6.3.3. Using a variable of an implemented interface to access a derived class object
6.3.4. The need for accessing an object using the variables of its base class or implementedinterfaces
6.4. Casting
6.4.1. How to cast a variable to another type
6.4.2. Need for casting
6.5. Use this and super to access objects and constructors
6.5.1. Object reference: this
6.5.2. Object reference: super
6.6. Polymorphism
6.6.1. Polymorphism with classes
6.6.2. Binding of variables and methods at compile time and runtime
6.6.3. Polymorphism with interfaces
6.7. Simple lambda expressions
6.7.1. Comparing passing values with passing code to methods
6.7.2. Syntax of lambda expressions
6.7.3. Interface Predicate
6.8. Summary
6.9. Review notes
6.10. Sample exam questions
6.11. Answers to sample exam questions

Chapter 7. Exception handling
7.1. Exceptions in Java
7.1.1. A taste of exceptions
7.1.2. Why handle exceptions separately?
7.1.3. Does exception handling offer any other benefits?
7.2. Categories of exceptions
7.2.1. Identifying exception categories
7.2.2. Class hierarchy of exception classes
7.2.3. Checked exceptions
7.2.4. Runtime exceptions7.2.5. Errors
7.3. Creating a method that throws an exception
7.3.1. Create a method that throws a checked exception
7.3.2. Handle-or-declare rule
7.3.3. Creating a method that throws runtime exceptions or errors
7.3.4. A method can declare to throw all types of exceptions, even if it doesn’t
7.4. What happens when an exception is thrown?
7.4.1. Creating try-catch-finally blocks
7.4.2. Using a method that throws a checked exception
7.4.3. Using a method that throws a runtime exception
7.4.4. Using a method that throws an error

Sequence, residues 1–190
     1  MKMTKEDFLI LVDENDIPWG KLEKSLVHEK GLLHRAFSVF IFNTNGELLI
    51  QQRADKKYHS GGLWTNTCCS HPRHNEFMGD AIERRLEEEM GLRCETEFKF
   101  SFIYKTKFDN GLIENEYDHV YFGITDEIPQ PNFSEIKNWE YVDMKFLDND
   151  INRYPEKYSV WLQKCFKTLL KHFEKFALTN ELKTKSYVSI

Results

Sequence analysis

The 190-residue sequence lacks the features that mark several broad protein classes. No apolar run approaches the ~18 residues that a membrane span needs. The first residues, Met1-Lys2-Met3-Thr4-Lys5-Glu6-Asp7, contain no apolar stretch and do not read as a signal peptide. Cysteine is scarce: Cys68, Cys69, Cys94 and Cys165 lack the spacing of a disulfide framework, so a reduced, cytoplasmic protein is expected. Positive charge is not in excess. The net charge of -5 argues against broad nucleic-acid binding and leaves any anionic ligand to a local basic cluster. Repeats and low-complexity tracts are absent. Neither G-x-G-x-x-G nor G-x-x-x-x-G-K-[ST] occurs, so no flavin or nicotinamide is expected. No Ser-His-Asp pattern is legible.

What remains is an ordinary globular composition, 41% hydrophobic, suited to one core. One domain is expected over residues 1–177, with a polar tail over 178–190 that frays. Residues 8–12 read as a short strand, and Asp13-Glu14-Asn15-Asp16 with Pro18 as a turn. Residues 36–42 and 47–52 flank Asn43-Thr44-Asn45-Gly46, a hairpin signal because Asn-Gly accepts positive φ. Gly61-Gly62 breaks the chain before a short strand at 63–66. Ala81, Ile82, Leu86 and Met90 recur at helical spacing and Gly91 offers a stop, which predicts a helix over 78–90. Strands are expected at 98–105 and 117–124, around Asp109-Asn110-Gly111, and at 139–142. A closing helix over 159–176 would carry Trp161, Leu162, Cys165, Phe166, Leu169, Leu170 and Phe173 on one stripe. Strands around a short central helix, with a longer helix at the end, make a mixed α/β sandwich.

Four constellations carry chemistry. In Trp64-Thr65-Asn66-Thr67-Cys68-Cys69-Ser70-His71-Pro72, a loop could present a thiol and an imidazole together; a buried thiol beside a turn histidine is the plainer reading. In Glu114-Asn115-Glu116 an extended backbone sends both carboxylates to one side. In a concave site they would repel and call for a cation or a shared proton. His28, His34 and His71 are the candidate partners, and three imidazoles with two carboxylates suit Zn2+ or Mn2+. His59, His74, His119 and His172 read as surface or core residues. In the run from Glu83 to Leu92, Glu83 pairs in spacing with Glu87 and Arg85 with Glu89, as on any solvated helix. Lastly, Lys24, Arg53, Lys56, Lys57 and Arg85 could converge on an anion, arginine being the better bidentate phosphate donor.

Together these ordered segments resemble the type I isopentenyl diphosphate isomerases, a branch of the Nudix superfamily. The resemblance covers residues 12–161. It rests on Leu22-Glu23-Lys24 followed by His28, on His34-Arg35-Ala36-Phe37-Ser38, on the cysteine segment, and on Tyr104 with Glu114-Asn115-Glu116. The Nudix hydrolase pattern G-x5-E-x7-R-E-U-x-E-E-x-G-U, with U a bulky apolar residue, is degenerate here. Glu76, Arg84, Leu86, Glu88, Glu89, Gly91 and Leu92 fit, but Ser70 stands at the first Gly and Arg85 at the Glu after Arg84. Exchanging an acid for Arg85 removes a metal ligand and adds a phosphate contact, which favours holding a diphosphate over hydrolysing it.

7.4.5. Will a finally block execute even if the catch block defines a return statement?
7.4.6. What happens if both a catch and a finally block define return statements?
7.4.7. What happens if a finally block modifies the value returned from a catch block?
7.4.8. Can a try block be followed only by a finally block?
7.4.9. Does the order of the exceptions caught in the catch blocks matter?
7.4.10. Can I rethrow an exception or the error I catch?
7.4.11. Can I declare my methods to throw a checked exception instead of handling it?
7.4.12. I can create nested loops, so can I create nested try-catch blocks too?
7.4.13. Should I handle errors?
7.5. Common exception classes and categories
7.5.1. Array
7.5.2. ClassCastException
7.5.3. IllegalArgumentException
7.5.4. NullPointerException
7.5.5. ArithmeticException
7.5.6. NumberFormatException
7.5.7. ExceptionInInitializerError
7.5.8. StackOverflowError
7.5.9. NoClassDefFoundError
7.5.10. OutOfMemoryError
7.6. Summary
7.7. Review notes
7.8. Sample exam questions
7.9. Answers to sample exam questions

Chapter 8. Full mock exam
8.1. Mock exam
8.2. Answers to mock exam questions

Answers to Twist in the Tale exercises
A.1 Chapter 1: Java basics
A.2 Chapter 2: Working with Java data types
A.3 Chapter 3: Methods and encapsulation
A.4 Chapter 4: Selected classes from the Java API and arrays
A.5 Chapter 5: Flow control
A.6 Chapter 6: Working with inheritance
A.7 Chapter 7: Exception handling